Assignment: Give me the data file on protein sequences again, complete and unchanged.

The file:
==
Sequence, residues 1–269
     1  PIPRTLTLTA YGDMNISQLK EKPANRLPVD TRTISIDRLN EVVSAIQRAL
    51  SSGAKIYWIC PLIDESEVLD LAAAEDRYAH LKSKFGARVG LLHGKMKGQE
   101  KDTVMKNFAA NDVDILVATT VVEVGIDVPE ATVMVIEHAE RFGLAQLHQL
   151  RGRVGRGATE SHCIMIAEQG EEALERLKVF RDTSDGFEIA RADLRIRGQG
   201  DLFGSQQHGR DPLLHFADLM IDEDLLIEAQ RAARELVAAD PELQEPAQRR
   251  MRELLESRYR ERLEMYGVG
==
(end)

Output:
Sequence, residues 1–269
     1  PIPRTLTLTA YGDMNISQLK EKPANRLPVD TRTISIDRLN EVVSAIQRAL
    51  SSGAKIYWIC PLIDESEVLD LAAAEDRYAH LKSKFGARVG LLHGKMKGQE
   101  KDTVMKNFAA NDVDILVATT VVEVGIDVPE ATVMVIEHAE RFGLAQLHQL
   151  RGRVGRGATE SHCIMIAEQG EEALERLKVF RDTSDGFEIA RADLRIRGQG
   201  DLFGSQQHGR DPLLHFADLM IDEDLLIEAQ RAARELVAAD PELQEPAQRR
   251  MRELLESRYR ERLEMYGVG